Bioarchaeology and Looting: A Case Study from Sudan
Disturbing the dead has been considered a criminal activity in the Nile Valley since the trial of Egyptian tomb robbers in 1100 BCE. Looting is one of the most destructive forces at archaeological sites; grave robbing, in particular, leaves human remains and cultural heritage irreparably damaged. During 2007-2008, the Oriental Institute Nubian Expedition (OINE) worked to identify, record, and preserve important archaeological sites that have since been destroyed by the Merowe Dam. Al-Widay, a cemetery that was excavated by the OINE near the Fourth Cataract region of the Nile River in northern Sudan, is a site with important implications for understanding the taphonomy of archaeological looting. Over 60% of the tumuli excavated at Al-Widay were disturbed in antiquity, making it an ideal case study for examining the effects of looting on the recovered human skeletal remains. Our research applies bioarchaeological methods of quantifying fragmentation to an assessment of culturally significant anatomical regions in order to evaluate the nature and degree of human disturbance activity at Al-Widay. Studying the preservational patterning of looting makes it possible to access aspects of looting behavior in the past, as well as to reconstruct the original archaeological context of disturbed remains.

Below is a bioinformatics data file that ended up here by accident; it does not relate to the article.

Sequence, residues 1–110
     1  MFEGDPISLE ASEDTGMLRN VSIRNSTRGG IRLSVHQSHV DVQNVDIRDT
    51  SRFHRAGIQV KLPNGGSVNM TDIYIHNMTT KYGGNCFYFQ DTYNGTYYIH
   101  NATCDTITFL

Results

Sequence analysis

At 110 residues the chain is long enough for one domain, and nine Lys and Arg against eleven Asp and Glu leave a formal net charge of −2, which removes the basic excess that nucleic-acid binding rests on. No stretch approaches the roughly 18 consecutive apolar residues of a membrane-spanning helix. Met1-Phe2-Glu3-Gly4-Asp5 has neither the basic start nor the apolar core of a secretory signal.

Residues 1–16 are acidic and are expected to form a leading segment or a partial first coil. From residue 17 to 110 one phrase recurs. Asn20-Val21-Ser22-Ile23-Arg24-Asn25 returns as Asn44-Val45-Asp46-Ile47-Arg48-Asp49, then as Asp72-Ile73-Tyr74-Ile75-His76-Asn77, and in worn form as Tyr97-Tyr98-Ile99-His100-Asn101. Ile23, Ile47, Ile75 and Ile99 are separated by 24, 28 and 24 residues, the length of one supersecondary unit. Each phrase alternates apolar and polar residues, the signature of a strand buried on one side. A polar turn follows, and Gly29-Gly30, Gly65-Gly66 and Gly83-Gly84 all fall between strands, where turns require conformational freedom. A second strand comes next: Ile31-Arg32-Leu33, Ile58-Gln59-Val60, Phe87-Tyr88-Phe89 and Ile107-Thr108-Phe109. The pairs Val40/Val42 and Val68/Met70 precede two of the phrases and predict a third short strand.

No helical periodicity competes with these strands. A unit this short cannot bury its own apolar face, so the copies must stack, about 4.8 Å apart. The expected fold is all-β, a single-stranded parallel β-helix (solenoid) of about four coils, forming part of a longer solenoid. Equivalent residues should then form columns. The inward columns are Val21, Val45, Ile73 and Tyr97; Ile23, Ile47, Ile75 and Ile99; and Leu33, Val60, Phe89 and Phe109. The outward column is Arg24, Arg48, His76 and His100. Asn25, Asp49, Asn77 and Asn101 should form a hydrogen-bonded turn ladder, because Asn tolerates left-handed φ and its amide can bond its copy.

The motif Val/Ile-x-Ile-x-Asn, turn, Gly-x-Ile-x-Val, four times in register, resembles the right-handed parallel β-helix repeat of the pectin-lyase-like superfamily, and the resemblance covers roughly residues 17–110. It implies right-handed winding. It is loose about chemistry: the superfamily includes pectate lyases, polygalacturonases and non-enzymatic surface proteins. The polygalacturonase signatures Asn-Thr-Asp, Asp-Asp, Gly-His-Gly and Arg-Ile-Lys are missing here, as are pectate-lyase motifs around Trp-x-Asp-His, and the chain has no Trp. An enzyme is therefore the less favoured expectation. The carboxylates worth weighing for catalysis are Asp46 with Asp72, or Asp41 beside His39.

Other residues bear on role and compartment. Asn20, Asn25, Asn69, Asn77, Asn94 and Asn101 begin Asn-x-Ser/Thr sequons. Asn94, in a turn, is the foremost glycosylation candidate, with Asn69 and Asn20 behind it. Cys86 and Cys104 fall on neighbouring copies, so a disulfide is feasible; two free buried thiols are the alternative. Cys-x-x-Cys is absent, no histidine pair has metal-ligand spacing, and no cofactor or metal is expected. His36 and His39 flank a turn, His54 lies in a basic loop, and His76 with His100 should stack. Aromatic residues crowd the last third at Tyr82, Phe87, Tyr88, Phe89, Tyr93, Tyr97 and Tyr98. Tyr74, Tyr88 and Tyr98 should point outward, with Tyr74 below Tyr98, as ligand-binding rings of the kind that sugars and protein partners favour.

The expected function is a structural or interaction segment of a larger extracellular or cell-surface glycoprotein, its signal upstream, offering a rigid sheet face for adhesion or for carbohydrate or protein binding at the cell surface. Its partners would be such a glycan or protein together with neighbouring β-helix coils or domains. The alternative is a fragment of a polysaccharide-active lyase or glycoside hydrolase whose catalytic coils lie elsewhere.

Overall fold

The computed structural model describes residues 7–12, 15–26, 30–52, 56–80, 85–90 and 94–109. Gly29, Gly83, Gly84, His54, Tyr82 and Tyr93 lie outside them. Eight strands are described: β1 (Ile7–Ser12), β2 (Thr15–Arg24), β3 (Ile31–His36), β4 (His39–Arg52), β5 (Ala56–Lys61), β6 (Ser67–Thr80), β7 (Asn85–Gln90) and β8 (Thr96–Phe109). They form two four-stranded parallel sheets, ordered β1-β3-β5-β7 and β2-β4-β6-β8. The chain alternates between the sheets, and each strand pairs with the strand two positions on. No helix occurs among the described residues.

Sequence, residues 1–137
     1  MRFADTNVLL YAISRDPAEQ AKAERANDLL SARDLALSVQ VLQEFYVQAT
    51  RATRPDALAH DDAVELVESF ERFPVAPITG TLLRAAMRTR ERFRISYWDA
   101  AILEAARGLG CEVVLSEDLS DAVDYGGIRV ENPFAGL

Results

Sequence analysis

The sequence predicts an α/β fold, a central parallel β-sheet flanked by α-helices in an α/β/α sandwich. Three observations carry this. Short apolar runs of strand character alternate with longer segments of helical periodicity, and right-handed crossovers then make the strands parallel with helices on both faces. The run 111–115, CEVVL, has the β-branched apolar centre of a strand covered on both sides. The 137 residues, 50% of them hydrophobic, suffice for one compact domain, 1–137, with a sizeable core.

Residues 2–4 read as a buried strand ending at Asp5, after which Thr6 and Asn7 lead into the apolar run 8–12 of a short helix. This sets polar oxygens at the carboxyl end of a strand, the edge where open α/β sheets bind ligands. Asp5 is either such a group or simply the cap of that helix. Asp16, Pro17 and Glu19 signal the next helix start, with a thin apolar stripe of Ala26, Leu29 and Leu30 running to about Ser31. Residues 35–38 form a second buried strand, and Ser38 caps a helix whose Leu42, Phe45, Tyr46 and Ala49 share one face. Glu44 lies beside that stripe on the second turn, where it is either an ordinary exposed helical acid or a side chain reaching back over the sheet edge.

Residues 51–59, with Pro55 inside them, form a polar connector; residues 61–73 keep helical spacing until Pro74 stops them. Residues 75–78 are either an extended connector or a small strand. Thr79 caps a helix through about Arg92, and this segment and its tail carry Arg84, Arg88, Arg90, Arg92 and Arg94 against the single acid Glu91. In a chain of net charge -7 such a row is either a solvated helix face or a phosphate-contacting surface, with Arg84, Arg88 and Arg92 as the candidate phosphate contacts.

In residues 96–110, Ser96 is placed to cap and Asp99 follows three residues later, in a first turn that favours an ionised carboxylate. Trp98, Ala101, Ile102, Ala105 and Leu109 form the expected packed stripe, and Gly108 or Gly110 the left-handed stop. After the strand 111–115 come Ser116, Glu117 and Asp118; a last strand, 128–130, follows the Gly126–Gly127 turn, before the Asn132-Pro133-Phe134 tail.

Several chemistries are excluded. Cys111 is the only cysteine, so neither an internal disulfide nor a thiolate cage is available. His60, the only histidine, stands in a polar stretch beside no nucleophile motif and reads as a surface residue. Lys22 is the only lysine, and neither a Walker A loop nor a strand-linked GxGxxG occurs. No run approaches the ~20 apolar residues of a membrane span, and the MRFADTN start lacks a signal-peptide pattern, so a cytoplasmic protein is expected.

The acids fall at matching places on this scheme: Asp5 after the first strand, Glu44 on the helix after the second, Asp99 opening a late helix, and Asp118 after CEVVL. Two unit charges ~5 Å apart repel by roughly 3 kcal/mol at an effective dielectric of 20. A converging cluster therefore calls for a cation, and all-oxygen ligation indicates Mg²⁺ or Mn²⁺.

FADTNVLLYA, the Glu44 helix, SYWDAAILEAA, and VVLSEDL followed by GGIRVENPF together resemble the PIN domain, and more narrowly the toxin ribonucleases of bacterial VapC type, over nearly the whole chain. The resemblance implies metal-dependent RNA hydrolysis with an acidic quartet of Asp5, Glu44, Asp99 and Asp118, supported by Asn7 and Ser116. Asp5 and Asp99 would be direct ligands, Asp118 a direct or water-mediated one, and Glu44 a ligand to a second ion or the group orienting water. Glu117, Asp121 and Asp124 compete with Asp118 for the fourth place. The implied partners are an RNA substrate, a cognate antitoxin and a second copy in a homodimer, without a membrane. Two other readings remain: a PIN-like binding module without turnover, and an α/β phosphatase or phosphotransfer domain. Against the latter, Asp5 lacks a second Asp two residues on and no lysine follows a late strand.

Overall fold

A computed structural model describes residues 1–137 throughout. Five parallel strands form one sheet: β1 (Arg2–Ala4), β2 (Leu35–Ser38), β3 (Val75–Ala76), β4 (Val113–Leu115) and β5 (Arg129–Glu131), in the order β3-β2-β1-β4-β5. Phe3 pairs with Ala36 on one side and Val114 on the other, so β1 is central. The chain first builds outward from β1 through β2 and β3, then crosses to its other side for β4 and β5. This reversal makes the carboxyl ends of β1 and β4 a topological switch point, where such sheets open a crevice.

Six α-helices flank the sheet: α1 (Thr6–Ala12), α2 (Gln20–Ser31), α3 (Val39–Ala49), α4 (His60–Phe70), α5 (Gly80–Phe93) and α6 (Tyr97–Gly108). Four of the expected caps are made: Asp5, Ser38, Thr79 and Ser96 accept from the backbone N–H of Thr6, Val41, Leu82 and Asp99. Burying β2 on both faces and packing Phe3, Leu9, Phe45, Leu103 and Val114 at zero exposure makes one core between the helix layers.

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Bioarchaeology and Looting: A Case Study from Sudan. Katherine Kinkopf, Jess Beck. Presented at The 80th Annual Meeting of the Society for American Archaeology, San Francisco, California. 2015 ( tDAR id: 397619)
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min long: -18.809; min lat: -38.823 ; max long: 53.262; max lat: 38.823 ;